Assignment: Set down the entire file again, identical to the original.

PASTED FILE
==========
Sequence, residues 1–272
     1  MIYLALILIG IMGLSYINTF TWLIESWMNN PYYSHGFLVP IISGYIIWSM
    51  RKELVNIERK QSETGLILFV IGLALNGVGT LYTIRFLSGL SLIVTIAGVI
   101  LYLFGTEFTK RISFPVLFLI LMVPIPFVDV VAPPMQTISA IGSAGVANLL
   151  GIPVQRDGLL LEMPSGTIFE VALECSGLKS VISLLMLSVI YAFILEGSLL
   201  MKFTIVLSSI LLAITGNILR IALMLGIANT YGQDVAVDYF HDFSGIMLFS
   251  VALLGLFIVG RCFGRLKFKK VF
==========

Sequence, residues 1–272
     1  MIYLALILIG IMGLSYINTF TWLIESWMNN PYYSHGFLVP IISGYIIWSM
    51  RKELVNIERK QSETGLILFV IGLALNGVGT LYTIRFLSGL SLIVTIAGVI
   101  LYLFGTEFTK RISFPVLFLI LMVPIPFVDV VAPPMQTISA IGSAGVANLL
   151  GIPVQRDGLL LEMPSGTIFE VALECSGLKS VISLLMLSVI YAFILEGSLL
   201  MKFTIVLSSI LLAITGNILR IALMLGIANT YGQDVAVDYF HDFSGIMLFS
   251  VALLGLFIVG RCFGRLKFKK VF